A historian commented, “The only troops who stood between the Germans and the sea were some supporting artillery of the 45th Division. These guns saved the day and quite possibly the battle.”

The invasion had come within an eyelash of disaster.

On September 14, German attacks were much less productive. Clark had consolidated and shortened his line during the night, and the combined artillery of the 45th and 36th Divisions fired over 10,000 rounds. Heavy bombers, diverted from missions against targets in Germany, added support. One tank destroyer of the 636th Battalion knocked out five German tanks and a truck filled with ammunition in 30 minutes. Altogether, 30 German tanks were destroyed. The VI Corps line had almost miraculously held.

Fighting continued at Hill 424 and Altaville, and one American soldier remembered, “Darkness was falling as we began to climb the foothills, shells screaming over us … each explosion covering us with dirt and rocks. I’d never known real terror until that moment…. Cadavers of men from previous attacks lay scattered all over the hill. It was a horrible experience for us to see these countless dead men, many of them purpled and blackened by the intense heat.”

Vietinghoff also struck back hard at the British on September 13 and 14, his armor hitting the 56th Division southeast of Battipaglia. The Coldstream Guards, Royal Fusiliers, and infantrymen of the 167th Brigade were bolstered by heavy naval and air support and beat back the attack.

Peter Wright’s Victoria Cross at Salerno

A few days later, Company Sgt. Maj. Peter Wright took command of his company of the 3rd Battalion, Coldstream Guards, after all of its officers had been killed or wounded. Wright destroyed three machine-gun nests with hand grenades, relocated his company to a more favorable position, and captured important high ground. The action earned Wright the Distinguished Conduct Medal, but a year later King George VI ordered the medal upgraded to the Victoria Cross.

Private Ernest Hulse of the Durham Light Infantry exhibited conspicuous courage on the 15th and 16th when he evacuated wounded from a hillside north of Salerno. “It is fair to say that he was responsible for evacuating some 30 casualties … and the majority of them under fire,” wrote Lt. Col. J.C. Preston, commander of the 16th Battalion. Captain Frank Duffy, commanding a company of the Durham Light Infantry on the evening of the 15th, organized a bayonet charge and counterattacked the Germans along the crest of a hill, killing 15 enemy soldiers and capturing 11.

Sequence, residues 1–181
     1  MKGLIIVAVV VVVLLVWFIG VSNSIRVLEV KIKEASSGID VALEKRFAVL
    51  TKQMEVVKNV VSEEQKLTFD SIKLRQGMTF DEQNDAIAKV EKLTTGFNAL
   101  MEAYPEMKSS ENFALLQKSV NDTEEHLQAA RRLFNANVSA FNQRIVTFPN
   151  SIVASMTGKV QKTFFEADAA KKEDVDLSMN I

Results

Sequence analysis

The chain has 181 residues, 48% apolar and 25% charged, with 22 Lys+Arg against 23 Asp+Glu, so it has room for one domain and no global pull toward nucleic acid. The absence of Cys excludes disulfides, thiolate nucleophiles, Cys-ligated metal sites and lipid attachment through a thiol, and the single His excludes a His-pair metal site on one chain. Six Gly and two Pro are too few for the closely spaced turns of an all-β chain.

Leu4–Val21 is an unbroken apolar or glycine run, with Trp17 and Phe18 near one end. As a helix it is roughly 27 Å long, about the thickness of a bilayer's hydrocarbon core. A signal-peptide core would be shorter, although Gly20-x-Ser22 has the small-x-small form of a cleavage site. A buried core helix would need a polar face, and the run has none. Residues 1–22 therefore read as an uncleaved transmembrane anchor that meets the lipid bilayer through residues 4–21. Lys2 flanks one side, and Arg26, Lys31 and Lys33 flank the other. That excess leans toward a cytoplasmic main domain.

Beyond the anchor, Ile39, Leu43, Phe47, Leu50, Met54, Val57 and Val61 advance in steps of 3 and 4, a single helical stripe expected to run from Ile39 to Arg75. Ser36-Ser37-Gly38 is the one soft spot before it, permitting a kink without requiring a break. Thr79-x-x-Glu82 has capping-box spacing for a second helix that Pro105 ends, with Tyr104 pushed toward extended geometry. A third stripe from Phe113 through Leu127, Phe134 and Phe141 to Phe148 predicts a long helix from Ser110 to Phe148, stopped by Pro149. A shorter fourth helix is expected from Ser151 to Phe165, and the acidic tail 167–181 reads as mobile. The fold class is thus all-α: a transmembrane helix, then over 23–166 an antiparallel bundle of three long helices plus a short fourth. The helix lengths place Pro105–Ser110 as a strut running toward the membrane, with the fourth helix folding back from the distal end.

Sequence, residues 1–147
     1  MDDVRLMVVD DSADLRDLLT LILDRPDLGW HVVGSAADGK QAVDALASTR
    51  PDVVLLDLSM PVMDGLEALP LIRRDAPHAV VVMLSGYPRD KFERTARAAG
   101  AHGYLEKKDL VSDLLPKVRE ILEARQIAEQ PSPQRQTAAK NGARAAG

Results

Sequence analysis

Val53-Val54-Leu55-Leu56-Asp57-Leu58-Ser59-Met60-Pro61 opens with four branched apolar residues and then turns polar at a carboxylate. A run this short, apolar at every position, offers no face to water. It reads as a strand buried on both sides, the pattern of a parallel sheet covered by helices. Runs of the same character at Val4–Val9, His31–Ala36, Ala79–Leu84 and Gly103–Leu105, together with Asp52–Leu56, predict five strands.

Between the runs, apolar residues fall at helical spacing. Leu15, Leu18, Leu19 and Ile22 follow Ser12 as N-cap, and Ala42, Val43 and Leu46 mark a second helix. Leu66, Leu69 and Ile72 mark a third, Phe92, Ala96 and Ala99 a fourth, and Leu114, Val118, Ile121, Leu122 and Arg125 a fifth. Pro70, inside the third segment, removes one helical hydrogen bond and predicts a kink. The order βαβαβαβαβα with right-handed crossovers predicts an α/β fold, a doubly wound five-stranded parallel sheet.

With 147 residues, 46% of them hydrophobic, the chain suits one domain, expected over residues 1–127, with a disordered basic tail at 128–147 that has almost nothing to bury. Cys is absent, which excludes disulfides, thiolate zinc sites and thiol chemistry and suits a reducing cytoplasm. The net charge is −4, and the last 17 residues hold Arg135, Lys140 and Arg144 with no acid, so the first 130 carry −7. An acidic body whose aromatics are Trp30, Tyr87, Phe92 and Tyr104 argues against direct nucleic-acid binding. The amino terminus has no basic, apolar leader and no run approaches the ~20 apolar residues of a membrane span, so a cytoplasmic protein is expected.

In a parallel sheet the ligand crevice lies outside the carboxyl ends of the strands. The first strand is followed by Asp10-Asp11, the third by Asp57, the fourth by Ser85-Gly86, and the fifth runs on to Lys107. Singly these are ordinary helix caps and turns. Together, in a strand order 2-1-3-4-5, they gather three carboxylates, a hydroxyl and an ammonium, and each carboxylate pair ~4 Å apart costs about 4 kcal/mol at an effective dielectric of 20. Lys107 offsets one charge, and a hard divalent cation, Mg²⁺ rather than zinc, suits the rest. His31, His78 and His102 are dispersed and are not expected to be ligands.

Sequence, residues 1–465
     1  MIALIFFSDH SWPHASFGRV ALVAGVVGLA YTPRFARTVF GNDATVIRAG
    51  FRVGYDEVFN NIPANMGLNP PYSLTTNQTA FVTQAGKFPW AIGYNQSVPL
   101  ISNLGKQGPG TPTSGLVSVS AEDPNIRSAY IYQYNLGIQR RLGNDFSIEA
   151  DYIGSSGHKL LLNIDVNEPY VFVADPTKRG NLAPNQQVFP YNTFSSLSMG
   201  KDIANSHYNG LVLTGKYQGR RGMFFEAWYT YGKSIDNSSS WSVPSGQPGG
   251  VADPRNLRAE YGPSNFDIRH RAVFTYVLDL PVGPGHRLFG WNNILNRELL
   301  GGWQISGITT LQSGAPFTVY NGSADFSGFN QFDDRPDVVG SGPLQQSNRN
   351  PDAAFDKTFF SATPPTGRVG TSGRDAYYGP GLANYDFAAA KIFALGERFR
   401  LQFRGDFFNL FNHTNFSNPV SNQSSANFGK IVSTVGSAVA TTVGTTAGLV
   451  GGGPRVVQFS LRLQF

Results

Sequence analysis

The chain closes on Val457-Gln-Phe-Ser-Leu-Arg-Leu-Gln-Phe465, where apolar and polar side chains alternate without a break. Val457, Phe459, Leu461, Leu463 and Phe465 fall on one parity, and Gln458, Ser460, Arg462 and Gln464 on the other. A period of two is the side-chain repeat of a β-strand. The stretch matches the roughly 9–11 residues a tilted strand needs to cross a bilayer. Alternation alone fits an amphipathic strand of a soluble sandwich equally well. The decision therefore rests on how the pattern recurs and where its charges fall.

After more than a week of tough fighting, it was clear that the Allies would not be dislodged from their clawhold on the Italian mainland and that the war was about to enter a new phase.

“General Clark Had Everything Under Control”

While the presence of Montgomery’s Eighth Army, still moving up from the south, was sufficient to cause concern for the Germans and to at least present them with the necessity of prioritizing their defensive assignments, the crisis at Salerno had passed by the time Monty’s troops made contact with the Fifth Army. Reinforcements from the VI and X Corps reserves bolstered the beachhead at Salerno, and both corps forged inland. On September 18, Vietinghoff realized that the game was up and directed his forces to withdraw northward to the Apennine Mountains.

Montgomery’s chief of staff, General Francis “Freddy” de Guingand, wrote, “Some would like to think—I did at the time—that we helped, if not saved, the situation at Salerno. But now I doubt whether we influenced matters to any great extent. General Clark had everything under control before Eighth Army appeared on the scene.”

“See Naples and Die”

The Allied victory did not come cheaply. In more than a week of desperate fighting, the British X Corps had lost over 5,500 casualties. The U.S. VI Corps had lost 3,500, with 500 killed and 1,800 wounded. One other casualty of Operation Avalanche was Maj. Gen. Dawley, the VI Corps commander. Some believed he had become unnerved by the strain of combat command, while others were surprised that he had been relieved by Clark on September 20; a telephone conversation with Dawley at the height of the fighting had left the Fifth Army commander concerned.

Eisenhower may have decided that the exhausted Dawley should be relieved before visiting the VI Corps headquarters himself. The official history of the U.S. Army in World War II relates, “When Eisenhower, Clark, Dawley, and Admiral [Kent] Hewitt visited his 36th Division command post and received a briefing from [General] Walker, the division commander had the feeling that Eisenhower was paying little attention to his words. At the end of Walker’s presentation, Eisenhower turned to Dawley and said, ‘How did you ever get your troops into such a mess?’”